Tuesday, February 6, 2007

The Voyage of the St. Louis

When my students were working on the background research for the Guardians of Freedom project we used this site, The Voyage of the St. Louis from the United States Holocaust Memorial Museum. Quoting the site, Students of the Holocaust frequently ask, "Why didn’t Jewish people flee Germany when the Nazis took power?" Framed in the context of several broader issues, the story of the St. Louis offers a historical case study through which to address this question. The broader contextual issues include: German anti-Jewish policy in 1938 and 1939; the international response to the growing refugee crisis; the plight of refugees in German-occupied western Europe; and United States immigration and refugee policy during the 1930s and 1940s.
Using documentary evidence, Museum researchers have reconstructed the individual stories of many St. Louis passengers. This information will help students understand the complex issues mentioned above, especially the difficulties that Jewish refugees faced when fleeing Nazi Germany and how United States government policies influenced the fates of refugees.


Students used the primary documents to discover the fate of several passengers on the St. Louis. There is something very powerful about scrolling the database of prisoners registered at Auschwitz, scanning for the name of a family member you are trying to "locate". This site certainly enhanced the students' understanding of the plight of Jews during the Holocaust.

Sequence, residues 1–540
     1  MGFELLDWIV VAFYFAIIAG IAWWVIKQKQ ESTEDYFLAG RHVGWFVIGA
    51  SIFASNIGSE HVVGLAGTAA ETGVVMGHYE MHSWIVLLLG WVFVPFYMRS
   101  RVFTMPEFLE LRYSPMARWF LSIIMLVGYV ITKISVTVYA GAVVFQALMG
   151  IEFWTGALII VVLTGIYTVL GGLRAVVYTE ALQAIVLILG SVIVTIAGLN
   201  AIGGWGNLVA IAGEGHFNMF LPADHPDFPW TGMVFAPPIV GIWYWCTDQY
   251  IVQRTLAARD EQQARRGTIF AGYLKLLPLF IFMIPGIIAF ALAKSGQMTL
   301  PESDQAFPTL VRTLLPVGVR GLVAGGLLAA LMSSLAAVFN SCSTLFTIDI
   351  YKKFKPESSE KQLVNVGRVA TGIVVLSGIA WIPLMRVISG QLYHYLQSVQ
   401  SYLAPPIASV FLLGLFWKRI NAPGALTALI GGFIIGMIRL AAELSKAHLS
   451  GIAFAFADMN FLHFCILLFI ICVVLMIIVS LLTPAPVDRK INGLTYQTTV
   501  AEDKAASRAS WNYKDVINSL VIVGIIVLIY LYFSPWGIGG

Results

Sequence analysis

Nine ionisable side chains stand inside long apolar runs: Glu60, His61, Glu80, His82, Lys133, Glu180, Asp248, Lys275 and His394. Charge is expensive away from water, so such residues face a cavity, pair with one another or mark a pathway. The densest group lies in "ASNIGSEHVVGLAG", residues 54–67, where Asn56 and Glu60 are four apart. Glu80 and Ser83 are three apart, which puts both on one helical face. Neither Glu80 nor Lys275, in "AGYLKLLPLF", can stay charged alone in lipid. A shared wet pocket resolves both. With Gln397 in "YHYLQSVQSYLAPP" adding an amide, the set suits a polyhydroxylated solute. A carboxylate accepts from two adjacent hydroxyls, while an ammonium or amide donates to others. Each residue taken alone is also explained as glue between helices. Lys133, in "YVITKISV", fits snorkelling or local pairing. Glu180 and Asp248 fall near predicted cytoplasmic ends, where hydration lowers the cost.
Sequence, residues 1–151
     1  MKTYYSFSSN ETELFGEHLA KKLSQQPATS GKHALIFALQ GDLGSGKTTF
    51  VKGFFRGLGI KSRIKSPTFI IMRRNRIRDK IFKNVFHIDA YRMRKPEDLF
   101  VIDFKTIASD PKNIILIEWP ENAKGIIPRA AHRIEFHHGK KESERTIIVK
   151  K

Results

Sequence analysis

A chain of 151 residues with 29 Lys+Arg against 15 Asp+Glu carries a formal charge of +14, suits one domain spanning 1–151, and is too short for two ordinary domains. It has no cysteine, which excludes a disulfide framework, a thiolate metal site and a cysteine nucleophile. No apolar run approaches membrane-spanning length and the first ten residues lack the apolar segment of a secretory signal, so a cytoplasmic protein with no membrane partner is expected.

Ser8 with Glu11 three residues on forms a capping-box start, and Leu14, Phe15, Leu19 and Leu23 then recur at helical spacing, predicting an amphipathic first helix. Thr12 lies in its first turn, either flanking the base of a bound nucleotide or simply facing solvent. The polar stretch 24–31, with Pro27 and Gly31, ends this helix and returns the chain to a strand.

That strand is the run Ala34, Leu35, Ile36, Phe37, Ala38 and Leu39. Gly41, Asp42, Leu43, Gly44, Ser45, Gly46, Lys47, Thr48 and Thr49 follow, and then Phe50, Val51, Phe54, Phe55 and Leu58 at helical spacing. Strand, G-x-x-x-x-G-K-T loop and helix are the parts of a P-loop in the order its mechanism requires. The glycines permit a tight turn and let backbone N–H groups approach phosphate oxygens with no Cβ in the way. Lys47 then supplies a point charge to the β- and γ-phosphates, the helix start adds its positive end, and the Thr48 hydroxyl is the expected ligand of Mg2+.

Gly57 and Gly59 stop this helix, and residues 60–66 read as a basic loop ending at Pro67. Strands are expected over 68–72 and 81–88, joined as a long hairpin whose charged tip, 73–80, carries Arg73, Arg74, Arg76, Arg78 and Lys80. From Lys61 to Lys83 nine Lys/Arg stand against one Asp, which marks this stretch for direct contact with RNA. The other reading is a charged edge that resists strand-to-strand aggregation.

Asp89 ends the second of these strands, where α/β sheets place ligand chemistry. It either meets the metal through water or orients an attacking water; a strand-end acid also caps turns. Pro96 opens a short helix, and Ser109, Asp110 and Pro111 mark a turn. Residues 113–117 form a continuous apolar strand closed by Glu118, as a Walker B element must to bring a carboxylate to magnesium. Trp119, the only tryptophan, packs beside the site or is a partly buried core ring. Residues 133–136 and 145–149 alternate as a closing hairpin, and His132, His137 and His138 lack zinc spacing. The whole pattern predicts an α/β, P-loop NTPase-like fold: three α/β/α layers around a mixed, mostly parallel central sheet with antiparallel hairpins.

2 comments:

elementaryhistoryteacher said...

What a unique way to answer student questions. When I used to teach WWII that same question always came up with my 5th graders. I've been trying to send a few people your way to this fantastic site.

You may want to check out the History Carnival and Education Carnival to submit some of your posts.

The Tour Marm said...

My introduction to the story of the St. Louis was a special pre-screening of the movie, 'Voyage of the Damned'. Until that time, I thought that the united States welcomed all the refugees.

Although none of my family were on that ship, I did find out the fate of a cousin through a 'passport' handed to me before one of my visits to the US Holocaust Memorial Museum visits to the permanent exhibit. It was jarring at the time.

However, I reasoned that if this information and her photo existed, then some of the family survived. I have since found some of the survivors!

It's a long story, but it seems that my relatives did not want to go to the United States and live with my family in Brooklyn since they became too 'assimilated' and not observant enough for a Rabbi and his family.

The passport is Maria Theresa Halpert Katz, should anyone want to look it up.